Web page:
Zimbabwe only has one racecourse now – Borrowdale Park – but it is one of the best in Southern Africa. In addition to a 2700m course (turf) we have all the facilities. Some need TLC but we know what needs fixing and how to bring the crowds, and more owners and trainers, back. All that is needed is extra cash.
Do I think the racing community worldwide will rush to our rescue? Of course not – but are we missing some tricks?
I am fascinated by a recently published Facebook page – Kenya Horseracing – where appeals are made for financing an all-weather track, updating the stand, providing accommodation for visiting international jockeys, a casino, introducing hurdle races, as well as acquiring additional horses and trainers, and more.
At the same time the enterprising owner of the webpage is enthusiastically promoting Ngong racecourse and Kenyan racing while comparing costs of owning and racing horses in Kenya with costs in Britain. It would appear from Comments and Page Likes that he is generating quite a lot of initial interest in what he is offering.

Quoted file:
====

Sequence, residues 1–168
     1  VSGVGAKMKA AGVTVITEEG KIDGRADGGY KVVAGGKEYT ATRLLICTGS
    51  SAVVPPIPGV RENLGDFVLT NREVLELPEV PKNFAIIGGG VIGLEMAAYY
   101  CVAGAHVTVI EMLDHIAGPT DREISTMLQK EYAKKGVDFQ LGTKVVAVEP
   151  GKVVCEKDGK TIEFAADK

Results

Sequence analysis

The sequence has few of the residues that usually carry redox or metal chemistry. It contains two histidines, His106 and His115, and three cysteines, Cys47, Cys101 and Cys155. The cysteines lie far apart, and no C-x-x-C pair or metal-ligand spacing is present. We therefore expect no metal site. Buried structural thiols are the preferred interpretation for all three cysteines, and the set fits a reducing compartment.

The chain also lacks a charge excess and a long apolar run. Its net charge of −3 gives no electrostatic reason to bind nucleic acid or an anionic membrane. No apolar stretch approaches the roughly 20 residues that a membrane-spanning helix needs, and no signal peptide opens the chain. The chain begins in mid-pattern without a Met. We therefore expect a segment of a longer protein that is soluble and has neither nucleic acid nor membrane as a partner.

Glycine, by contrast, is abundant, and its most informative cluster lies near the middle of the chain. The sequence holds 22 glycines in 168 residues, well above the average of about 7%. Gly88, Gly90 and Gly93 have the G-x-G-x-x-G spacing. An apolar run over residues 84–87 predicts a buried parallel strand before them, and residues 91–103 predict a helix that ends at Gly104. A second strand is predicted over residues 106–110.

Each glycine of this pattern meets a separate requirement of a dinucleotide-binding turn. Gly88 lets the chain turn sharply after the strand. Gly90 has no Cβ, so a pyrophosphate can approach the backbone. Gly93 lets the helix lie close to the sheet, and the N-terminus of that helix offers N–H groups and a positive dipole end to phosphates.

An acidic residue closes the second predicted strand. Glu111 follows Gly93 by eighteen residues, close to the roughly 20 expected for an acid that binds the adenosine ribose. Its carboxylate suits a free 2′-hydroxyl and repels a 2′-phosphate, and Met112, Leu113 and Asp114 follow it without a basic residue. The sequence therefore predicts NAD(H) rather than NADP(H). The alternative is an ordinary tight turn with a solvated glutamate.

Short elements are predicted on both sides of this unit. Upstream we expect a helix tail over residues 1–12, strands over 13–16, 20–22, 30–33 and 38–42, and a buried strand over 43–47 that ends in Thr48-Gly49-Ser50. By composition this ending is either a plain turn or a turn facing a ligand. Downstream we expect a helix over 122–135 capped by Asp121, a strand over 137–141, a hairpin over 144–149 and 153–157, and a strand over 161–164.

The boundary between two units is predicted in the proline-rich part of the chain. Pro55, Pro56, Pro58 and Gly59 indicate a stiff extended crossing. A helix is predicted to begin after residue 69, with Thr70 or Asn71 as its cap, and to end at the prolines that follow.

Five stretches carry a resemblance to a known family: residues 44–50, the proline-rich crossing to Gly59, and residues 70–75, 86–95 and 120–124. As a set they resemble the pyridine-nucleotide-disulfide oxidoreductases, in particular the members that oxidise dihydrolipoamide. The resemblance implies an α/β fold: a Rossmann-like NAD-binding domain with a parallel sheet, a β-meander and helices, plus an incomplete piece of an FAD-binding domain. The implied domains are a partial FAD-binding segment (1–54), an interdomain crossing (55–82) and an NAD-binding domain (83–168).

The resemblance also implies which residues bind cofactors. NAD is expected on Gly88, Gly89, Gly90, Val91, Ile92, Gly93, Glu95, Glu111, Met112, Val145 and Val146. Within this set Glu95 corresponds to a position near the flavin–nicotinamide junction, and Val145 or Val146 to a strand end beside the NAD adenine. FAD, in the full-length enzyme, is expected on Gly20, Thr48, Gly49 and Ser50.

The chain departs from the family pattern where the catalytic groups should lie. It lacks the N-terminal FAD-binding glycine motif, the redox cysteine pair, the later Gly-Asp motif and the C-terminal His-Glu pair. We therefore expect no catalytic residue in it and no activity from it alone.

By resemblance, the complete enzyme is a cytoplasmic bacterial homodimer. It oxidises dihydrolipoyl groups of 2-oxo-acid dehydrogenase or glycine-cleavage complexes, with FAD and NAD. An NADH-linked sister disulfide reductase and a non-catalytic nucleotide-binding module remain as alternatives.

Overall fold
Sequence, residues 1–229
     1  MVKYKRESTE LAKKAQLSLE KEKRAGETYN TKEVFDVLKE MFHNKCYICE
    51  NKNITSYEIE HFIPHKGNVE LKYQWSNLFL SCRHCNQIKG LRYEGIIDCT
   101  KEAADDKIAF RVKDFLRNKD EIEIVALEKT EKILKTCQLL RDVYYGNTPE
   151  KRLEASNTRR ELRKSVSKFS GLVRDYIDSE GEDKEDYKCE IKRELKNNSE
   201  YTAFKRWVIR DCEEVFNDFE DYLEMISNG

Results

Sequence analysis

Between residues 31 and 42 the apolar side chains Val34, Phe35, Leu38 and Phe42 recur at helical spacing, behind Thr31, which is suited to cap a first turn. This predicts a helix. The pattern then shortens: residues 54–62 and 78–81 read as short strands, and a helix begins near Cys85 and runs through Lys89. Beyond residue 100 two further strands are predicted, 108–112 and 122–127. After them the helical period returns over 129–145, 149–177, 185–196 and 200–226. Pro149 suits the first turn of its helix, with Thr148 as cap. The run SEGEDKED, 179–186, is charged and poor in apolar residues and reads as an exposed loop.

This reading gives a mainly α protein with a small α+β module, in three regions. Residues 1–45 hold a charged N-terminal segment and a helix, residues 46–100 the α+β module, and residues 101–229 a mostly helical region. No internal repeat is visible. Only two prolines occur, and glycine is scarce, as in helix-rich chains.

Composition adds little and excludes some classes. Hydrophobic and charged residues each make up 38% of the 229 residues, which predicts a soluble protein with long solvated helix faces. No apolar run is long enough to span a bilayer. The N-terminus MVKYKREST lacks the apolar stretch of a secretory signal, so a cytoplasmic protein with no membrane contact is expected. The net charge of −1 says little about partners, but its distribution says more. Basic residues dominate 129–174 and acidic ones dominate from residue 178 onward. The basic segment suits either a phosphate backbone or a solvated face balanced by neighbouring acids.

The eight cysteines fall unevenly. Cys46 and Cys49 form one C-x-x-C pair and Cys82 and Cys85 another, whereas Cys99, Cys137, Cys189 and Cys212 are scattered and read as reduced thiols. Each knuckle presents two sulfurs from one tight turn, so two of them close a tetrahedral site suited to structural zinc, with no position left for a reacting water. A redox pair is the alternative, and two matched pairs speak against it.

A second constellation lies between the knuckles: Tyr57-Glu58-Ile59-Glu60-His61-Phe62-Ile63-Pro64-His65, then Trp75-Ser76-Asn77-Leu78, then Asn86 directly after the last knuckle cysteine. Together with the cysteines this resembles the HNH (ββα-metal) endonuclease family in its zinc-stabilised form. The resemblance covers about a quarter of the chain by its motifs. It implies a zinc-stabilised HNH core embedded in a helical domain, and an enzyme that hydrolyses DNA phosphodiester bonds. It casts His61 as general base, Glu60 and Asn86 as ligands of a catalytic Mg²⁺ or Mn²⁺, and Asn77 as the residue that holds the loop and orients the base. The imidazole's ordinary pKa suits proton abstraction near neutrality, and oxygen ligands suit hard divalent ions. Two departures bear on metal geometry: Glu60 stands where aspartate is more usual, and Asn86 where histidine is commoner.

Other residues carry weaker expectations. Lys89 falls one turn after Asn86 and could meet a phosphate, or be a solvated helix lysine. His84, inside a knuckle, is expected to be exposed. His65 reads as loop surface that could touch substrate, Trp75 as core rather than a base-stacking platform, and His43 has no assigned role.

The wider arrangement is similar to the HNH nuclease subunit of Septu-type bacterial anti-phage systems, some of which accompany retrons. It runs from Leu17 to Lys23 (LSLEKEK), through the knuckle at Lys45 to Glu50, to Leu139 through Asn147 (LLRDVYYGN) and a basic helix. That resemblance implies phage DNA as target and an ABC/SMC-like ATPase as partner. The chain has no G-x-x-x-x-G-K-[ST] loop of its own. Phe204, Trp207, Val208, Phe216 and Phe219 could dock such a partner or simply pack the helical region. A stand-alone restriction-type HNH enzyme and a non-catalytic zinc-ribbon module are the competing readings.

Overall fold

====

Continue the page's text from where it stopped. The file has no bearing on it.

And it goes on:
A couple of things are not clear… such as… are the Ngong authorities actively involved in this initiative, and surely the amount of paperwork and red tape involved would be mind boggling. That said, promotion of racing on this continent is always welcome so the best of British luck and all that.
Back in the day there was some hurdle racing at Borrowdale Park – and at Ascot in Bulawayo. Stars of the show were Phil The Fluter, Emma O’Toole and Keith Chant, but I found it all rather nerve-wracking.
Racing in Zimbabwe has managed to keep its head just above water, so far, without much needed and significant injections of money. Amazing, considering the economic difficulties Zimbabwe has faced for years. However, the pool of horses, owners and trainers is sadly diminished, and we dream of bringing Borrowdale Park’s glory days back.
A vibrant racecourse boosts employment within the racing industry and it also benefits suppliers and other associated businesses.
When one considers the vast recent expenditures in strap-cashed Zimbabwe into agriculture and other ventures…seemingly without much accountability or meaningful return …. what racing would need to exit the doldrums is a mere bagatelle.
Hollywood Bets has recently teamed up with Gold Circle to boost racing in KZN. On Boxing Day, 26 December 2019, Greyville racecourse in Durban was packed without any huge feature race or special offers to draw the crowd. How did they do that?
Are we missing some tricks? It’s certainly worth thinking about.